Firstly, I have written two functions in Octave to identify market turning points and each function takes as input an n_bar argument which determines the lookback/lookforward length along price series to determine local relative highs and lows. I ran both these for n_bar values of 1 to 15 inclusive on EUR_USD forex 10 minute bars from July 2012 upto and including last week's set of 10 minute bars. I created 3 sets of turning point data per function by averaging the function outputs over n_bar 1 - 15, 1 - 6 and 7 - 15, and also averaged the outputs over the average of the 2 functions over the same ranges. In total this gives 9 slightly different sets of turning point data.

I then ran the optimal K clustering code, shown in previous posts, over each set of data to get the "solutions" per set of data. Six of the sets had an optimal K value of 8 and a combined plot of these is shown below.

For each "solution" turning point ix (ix ranges from 1 to 198) a turning point value of 1 is added to get a sort of spike train plot through time. The ix = 1 value is 22:00 BST on Sunday and ix = 198 is 06:50 BST on Tuesday. I chose this range so that there would be a buffer at each end of the time range I am really interested in: 7:00 BST to 22:00 BST, which covers the time from the London open to the New York close. The vertical blue lines are plotted for clarity to help identify the the turns and are plotted as 3 consecutive lines 10 minutes apart. The added text shows the time of occurence of the first bar of each triplet of lines, the time being London BST. The following second plot is the same as above but with the other 3 "solutions" of K = 5, 10 and 11 added.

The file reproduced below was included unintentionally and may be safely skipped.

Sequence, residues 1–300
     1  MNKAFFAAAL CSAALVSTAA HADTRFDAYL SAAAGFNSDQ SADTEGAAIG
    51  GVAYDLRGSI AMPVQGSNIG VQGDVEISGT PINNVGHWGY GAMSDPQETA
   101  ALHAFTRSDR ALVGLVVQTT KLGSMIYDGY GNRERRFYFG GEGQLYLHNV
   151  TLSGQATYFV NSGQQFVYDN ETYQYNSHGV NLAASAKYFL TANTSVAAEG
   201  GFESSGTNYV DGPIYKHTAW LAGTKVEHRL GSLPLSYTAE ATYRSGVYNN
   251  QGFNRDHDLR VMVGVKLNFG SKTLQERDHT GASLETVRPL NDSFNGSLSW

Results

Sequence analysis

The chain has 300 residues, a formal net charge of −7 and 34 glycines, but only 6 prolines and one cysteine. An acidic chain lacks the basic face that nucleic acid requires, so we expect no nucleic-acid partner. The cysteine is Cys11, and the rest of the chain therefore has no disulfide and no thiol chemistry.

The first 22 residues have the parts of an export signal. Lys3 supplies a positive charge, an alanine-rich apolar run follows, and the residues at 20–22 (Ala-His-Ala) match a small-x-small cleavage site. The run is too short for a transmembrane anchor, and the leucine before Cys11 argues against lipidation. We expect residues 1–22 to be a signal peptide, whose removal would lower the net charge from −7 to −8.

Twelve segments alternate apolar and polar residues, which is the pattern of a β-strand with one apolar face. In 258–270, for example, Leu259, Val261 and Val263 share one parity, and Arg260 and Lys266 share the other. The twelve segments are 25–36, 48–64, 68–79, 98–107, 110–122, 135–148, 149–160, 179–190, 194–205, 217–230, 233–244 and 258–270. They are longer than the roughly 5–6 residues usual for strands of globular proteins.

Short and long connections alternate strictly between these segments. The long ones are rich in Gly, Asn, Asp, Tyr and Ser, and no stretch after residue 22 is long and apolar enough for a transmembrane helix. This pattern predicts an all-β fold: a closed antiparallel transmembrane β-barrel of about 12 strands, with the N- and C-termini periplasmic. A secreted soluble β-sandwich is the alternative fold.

For those readers who are familiar with the Delta Phenomenon the main vertical blue lines could conceptually be thought of as MTD lines with the other lines being lower timeframe ITD lines, but on an intraday scale. However, it is important to bear in mind that this is NOT a Delta solution and therefore rules about numbering, alternating highs and lows and inversions etc. do not apply. It is more helpful to think in terms of probability and see the various spikes/lines as indicating times of the day at which there is a higher probability of price making a local high or low. The size of a move after such a high or low is not indicated, and the timings are only approximate or alternatively represent the centre of a window in which the high or low might occur.